TORONTO — Mohamad Fakih survived a civil war in Lebanon and living for months in a bunker. Today he’s fighting a different kind of war, this time with an enemy he can’t see but whose impact is being felt on many different fronts — COVID-19.
While the passionate entrepreneur and philanthropist is confident there will be a light at the end of the tunnel, the pandemic has left his company of 74 restaurants reeling from the impact, with only 18 of his Toronto units open for takeout (all of his units in food courts, universities and airports were shuttered immediately). Internationally, a unit in the United Kingdom is readying to open next week and his Côte D’Ivoire unit is fully open for sit down. Fakih was one of the lucky ones who was able to morph to takeout and delivery and bring his sales decline to 50 per cent from the initial 70 per cent of lost business.
Fellow restaurateur and chef, Hemant Bhagwani, also experienced serious impacts to his business, with only four of 29 units still operating. He’s not sure how his chain of restaurants — with brands such as Amaya, Goa Indian, Good Karma and Popa — will move forward and he’s unsure how he’ll fare given the big rents he still has to pay and the damage that will ensue as the world waits for a vaccine.
But, he says, the time in lockdown has afforded him time to think and be retrospective on both his personal and professional life. “I’m actually taking it slow, day by day, being in touch with my staff and but also reassessing our industry. COVID-19 has basically fast-tracked what was going to happen in the next couple of years, anyway,” he says, explaining the industry was quite behind in technology. Now, the crisis has forced operators to take technology more seriously.
“I think it’s time for us to embrace technology and do it on a different level,” says Bhagwani, advising operators to start taking technology seriously and putting increased focus on CRMs. “We have to analyze to get the right answers,” about customer behaviour. Sometimes, he says, “we’re very passionate people in the restaurant industry so passion takes over practicality. It’s time to become a little more practical.”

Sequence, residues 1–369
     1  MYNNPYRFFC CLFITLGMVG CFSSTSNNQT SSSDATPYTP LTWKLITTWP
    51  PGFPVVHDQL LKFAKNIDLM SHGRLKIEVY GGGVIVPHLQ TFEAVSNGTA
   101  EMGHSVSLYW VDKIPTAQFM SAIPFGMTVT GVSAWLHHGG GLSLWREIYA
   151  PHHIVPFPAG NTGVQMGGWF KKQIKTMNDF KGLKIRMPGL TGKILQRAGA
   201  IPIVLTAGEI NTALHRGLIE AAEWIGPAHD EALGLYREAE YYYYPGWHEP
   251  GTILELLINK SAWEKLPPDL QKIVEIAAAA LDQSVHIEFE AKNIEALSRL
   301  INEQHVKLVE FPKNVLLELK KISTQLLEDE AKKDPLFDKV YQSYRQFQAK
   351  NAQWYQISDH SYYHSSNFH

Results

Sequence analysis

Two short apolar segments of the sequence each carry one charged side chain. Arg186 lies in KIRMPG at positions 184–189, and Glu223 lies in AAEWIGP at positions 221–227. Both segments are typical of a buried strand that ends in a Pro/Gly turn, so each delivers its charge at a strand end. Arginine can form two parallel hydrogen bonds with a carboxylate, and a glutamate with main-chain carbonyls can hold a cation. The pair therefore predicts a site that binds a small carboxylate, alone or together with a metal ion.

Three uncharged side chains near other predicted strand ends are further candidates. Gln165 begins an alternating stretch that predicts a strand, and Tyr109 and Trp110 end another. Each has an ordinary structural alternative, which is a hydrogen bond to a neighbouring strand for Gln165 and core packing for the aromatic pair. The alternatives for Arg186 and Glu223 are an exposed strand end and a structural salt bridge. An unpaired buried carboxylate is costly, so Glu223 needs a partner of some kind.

In addition to fighting the pandemic, Bhagwani is also waging a legal battle against his insurance company seeking business interruption loss. While he’s not sure what the outcome will be, he’s positive it will raise awareness of how important it is to better understand your agreements moving forward.
Both entrepreneurs are busily trying to envision and shape what the future will look like. While pivoting to takeout, Bhagwani sketches out new possible concepts daily, while making lists of what needs to be done as a way for him to control the chaos.
Fakih, as always, is looking for new ideas; he’s currently planning a new concept called Boxed, his take on a ghost kitchen, located at Toronto’s Yonge and King streets, which will offer meals ordered online and picked up at a cubby with no human interaction. He knows it’s not typical to open a new unit during a pandemic, but he’s doing it in an existing space, which will allow him to save certain costs and operate two different brands under one roof.
He’s also trying to come up with a new model for delivery that all restaurateurs can take advantage of so as not to deal with high commission rates of third-party aggregators. He’s a passionate believer that part of the problem currently being faced by operators on the delivery front are self-made. “It’s easy to shift the burden on someone else. It’s on us. It’s all our fault. We had our consumer through our website, and today the delivery platform controls our life and a big percentage of our sales go through them. We need to take it back. Yes, the government could help. They could put a cap on it. But even that cap put by the government, is it temporary? This should be a service done by the restaurant or run by a restaurateur,” he states emphatically.
At the end of the day, both operators offer words of advice to those dealing with the repercussions of the pandemic. “You have to bank for disaster,” says Fakih, explaining business operators need to save enough money for one full year of their business and two years of their personal expenses in order to deal with whatever calamity arises. For Bhagwani, as difficult as it might be, sometimes, it’s important to be able to cut your losses. “Don’t try to hang in to save something you can’t. Sometimes, it’s better to let it go.”
You can listen to the full Table Talk episode “Moving Forward,” here.